SP outpatients (age 17-25) diagnosed with the MINI (33) and having a mean LSAS
score of 79.45 (SD=24.79) (Marom, personal communication, 2003). One can see that
a score of 80 or more requires a score of "2" on 20 questions on fear and avoidance,
out of the total of 24 items. The rate of SP (LSAS >80) was calculated in the whole
sample and in the two sub-samples (schools of medics and mechanics). We then used
the LSAS score as a continuous variable and using t-test analyses, we compared the
LSAS scores across demographic variables (gender, place of birth, place of living,
education, type of soldier, etc). The analyses in our study were mainly exploratory.
Linear regression analysis, using dummy variables for categorical variables, was
performed to determine relative predictors of SP symptomatology (i.e. LSAS score).
We also performed a logistic regression to look at predictors of group membership
according to the LSAS > 80 cutoff score. Parameters included in the regression
analyses were those background personal variables that were found to significantly
affect the LSAS scores.
We also examined the rate of phobic symptoms and the relationship between the rate
of SP and the number of phobic symptoms, by evaluating the mean number of phobic
symptoms in subjects with a mean LSAS score of 29 or less, a LSAS score of 30 to
79, and a score of 80 or more.
Results: The subjects' mean age was 19 years (S.D. =0.943) (range 18-25). The
subjects had a mean of 12 years of education (S.D. =0.46), with a range from 8 to 16
years. Additional characteristics of the sample are presented in Table 1.
LSAS items rated as 3 (severe): The following items were rated by a considerable
percentage of subjects as "3" (=severe) [Table 2]: item 6 (acting, performing, or
giving a talk in front of an audience) (14.2% for anxiety and 14.7% for avoidance),
item 20 (giving a report to a group) 13.2% for anxiety and 13.8% for avoidance and
item 21 (trying to pick someone) 11.2% for anxiety and 13% for avoidance.
LSAS scores above 80: When using the cutoff score of 79/80 as a criterion for
probable SP, we found that 4.5% of the total sample had scores above this cutoff
score, 1.6% in the medics group and 8% in the mechanics group. A chi-square
analysis showed that the difference reached statistical significant (x2=18.5, df=1,
LSAS Mean Scores: The mean scores for the entire sample were 29 (S.D. = 23.8),
13.8 (S.D. = 12.7) and 15.2 (S.D. = 12.4) for the total LSAS score, the fear subscale
and the avoidance subscale, respectively. The Cronbach's alpha was 0.93 and 0.92 for
the fear and avoidance subscales, respectively. The two subscales correlated
significantly with one another (r= 0.81; p=0.01).
LSAS scores of the subjects as a function of various demographic and clinical
variables are displayed in Table 3 (a Bonferroni correction was made for multiple
comparisons: significance was noted when p<0.0025). The following variables were
accompanied by significantly higher LSAS scores: school absenteeism (t(772) = 3.2,
p=0.002), not having at least two good friends ((t(777) = -7.2, p<0.001), family
member in treatment (t(725) = 5.7, p=0.001), mental treatment before enlistment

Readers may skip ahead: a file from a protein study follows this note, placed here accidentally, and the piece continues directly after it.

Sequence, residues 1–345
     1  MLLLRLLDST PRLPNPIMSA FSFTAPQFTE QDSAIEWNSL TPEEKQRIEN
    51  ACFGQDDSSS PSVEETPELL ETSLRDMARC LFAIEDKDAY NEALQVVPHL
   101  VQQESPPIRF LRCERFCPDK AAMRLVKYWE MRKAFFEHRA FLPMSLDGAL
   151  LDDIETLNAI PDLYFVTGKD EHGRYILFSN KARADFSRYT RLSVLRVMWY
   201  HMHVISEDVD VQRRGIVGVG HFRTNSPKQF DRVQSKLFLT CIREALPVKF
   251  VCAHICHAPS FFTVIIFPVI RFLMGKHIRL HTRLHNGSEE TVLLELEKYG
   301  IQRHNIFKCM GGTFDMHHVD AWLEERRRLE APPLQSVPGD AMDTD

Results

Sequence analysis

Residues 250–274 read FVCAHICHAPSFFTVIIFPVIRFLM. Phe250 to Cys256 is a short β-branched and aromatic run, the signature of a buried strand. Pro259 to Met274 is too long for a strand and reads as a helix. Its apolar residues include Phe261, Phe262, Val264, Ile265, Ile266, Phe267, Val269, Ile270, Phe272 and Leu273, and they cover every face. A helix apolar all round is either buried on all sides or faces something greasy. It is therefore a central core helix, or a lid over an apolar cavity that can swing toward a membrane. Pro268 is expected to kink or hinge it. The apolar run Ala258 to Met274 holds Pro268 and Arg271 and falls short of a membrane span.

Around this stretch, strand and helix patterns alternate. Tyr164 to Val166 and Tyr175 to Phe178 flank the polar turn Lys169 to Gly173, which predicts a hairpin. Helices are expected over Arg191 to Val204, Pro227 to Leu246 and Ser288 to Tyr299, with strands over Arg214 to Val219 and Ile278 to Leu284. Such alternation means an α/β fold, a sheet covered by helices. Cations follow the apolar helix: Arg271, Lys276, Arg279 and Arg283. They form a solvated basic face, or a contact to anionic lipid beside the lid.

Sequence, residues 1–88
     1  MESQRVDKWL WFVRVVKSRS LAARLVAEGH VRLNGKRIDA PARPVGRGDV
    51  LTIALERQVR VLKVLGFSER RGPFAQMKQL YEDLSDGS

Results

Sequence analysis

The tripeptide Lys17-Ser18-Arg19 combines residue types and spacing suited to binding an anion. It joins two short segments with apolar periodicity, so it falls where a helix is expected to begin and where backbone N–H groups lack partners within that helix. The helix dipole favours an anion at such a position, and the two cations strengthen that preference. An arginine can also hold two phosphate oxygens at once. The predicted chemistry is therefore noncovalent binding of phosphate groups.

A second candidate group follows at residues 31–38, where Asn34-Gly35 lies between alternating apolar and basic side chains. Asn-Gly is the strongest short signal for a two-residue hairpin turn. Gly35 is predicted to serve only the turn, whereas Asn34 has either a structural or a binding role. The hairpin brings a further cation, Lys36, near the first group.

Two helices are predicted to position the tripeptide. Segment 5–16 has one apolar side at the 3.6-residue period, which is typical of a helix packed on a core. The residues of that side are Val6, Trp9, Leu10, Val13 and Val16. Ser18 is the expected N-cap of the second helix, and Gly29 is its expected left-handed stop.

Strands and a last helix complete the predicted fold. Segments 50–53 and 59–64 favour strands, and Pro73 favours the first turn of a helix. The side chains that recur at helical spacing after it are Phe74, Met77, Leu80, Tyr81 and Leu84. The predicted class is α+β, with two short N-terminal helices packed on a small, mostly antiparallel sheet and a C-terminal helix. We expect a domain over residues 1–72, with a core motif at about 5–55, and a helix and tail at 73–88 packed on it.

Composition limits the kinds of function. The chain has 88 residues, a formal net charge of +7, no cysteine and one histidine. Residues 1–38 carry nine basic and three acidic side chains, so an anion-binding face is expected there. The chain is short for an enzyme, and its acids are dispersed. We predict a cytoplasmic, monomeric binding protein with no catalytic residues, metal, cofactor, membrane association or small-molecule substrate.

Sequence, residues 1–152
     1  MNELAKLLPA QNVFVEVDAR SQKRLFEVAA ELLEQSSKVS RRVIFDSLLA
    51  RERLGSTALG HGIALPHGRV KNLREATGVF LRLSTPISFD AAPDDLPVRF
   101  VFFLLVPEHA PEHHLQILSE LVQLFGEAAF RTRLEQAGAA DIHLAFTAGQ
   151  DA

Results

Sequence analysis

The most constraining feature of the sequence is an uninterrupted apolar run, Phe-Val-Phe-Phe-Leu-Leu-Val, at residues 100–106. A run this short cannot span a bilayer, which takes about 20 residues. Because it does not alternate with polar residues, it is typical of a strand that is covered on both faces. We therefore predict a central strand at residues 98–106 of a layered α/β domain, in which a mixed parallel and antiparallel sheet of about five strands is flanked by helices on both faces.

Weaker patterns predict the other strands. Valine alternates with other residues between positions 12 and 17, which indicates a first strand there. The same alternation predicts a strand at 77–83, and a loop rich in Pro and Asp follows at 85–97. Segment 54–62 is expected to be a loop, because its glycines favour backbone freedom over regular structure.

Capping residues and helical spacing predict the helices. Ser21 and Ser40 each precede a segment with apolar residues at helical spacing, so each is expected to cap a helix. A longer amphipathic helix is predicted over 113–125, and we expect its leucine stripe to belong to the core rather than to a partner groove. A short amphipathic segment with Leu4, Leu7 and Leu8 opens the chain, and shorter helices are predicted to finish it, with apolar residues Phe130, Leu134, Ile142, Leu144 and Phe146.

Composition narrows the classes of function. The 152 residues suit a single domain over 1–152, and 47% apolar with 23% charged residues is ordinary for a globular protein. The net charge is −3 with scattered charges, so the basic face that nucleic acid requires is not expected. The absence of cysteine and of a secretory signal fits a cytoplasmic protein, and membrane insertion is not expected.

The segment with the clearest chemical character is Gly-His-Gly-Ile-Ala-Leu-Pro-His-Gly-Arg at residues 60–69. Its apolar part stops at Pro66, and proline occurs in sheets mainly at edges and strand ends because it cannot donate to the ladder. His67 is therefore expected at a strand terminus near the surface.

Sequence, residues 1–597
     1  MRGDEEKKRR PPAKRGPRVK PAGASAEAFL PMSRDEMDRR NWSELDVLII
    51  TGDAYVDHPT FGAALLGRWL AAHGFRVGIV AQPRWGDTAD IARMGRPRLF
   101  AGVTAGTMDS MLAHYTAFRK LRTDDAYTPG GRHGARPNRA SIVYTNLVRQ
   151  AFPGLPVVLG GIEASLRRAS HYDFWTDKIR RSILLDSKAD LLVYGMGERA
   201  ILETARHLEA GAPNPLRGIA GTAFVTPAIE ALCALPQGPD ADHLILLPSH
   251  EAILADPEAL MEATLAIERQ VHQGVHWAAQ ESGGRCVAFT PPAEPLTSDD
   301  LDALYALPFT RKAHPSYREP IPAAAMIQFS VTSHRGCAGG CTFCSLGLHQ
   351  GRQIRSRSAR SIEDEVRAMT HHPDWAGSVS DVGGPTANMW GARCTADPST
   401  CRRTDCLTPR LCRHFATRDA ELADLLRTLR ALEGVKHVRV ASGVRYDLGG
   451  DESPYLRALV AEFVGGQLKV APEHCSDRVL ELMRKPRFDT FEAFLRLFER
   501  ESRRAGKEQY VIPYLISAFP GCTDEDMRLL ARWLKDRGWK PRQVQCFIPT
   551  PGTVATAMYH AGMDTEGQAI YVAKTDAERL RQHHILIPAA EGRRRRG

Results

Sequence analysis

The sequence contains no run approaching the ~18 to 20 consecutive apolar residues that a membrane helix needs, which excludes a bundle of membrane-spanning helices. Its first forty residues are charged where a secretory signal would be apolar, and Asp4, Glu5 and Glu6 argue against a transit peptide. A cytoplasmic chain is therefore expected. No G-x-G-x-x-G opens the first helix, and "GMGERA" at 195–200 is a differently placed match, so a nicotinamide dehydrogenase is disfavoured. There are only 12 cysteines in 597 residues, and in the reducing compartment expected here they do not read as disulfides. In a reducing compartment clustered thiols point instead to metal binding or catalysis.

(t(763) = 5.3, p<0.001), receiving psychotropic medications in the past (t(761) = 7.0,
p<0.001), shy family members (t(757) = 6.5, p<0.001) and perceived inability to
perform command activities (t(713) = -9.6, p<0.001). Due to Bonferroni correction,
the following variables displayed only a trend towards significance: type of soldier
(mechanic) (t (844) = -2.5, p=0.013), not being presently involved in a romantic
relationship ((t(770) = -2.4, p=0.019), beginning of SP symptoms before age 15
(t(157)=2.0, p=0.047) and mental treatment during military service (t(761) = 2.7,
p=0.008). Finally, based on an one-way ANOVA analysis and Tukey HSD Post hoc
test, subjects that did not complete their matriculation exams showed higher LSAS
scores (F (2,771) = 7.53, p=0.001) than those with partial or complete exams.
The following variables did not affect the LSAS scores: gender, country of birth, type
of residence (urban versus rural), divorced parents and psychiatric lowered profile.
A stepwise regression analysis was used to examine the relative variance in the
LSAS total score as a function of those variables found to be statistically significant
in the previous analysis. The total R2 was 0.21 (F (1,775) = 36, p<0.001). The final
model included perceived inability to command (R2change = .122, p< .001), receiving
medications prior to army service (R2change = .051, p < .001), having less than two
friends (R2change = .018, p< .001), shy family members (R2change = .014, p = .001)
and treatment during military service (R2change = .006, p = .019).
We also performed a logistic regression to look at predictors of group membership
(SP or healthy) with a cutoff score of 80 or above. The following variables were
found to increase the risk for SP: perceived inability to perform command duty
(p<.001, odds ratio= 6.5, confidence interval 3-14), shy family members (p<0.001,
odds ratio=4.7, CI- 1.9-11.0), having less than 2 friends (p= .003, odds ratio= 4.4; CI-
1.9-11) and finally school absenteeism (p= .018, odds ratio= 2.7, CI - 1.19-6).
Overlap with specific phobia symptoms: Overall, 8.7% of our sample (64 males and
17 females) had one or more phobic symptoms, representing 11% of the males and
5% of the females. Just over half of the sample did not report any fear at all (50.9%)
and the majority of the sample did not report any phobic symptoms (91.3%).
One can see in Table 4 that subjects who had more phobic symptoms also tended to
have higher LSAS scores. Based on a nonparametric correlational analysis, we found
a significant positive correlation between the number of phobic symptoms and the
LSAS score (Spearman rho = 0.245, p=0.001). This relationship is clearly displayed
in Table 5.
Tables 4 and 5
The main findings of this study are as follows: the prevalence of probable SP was
4.5%, similar to several studies in Western countries, and higher than rates reported in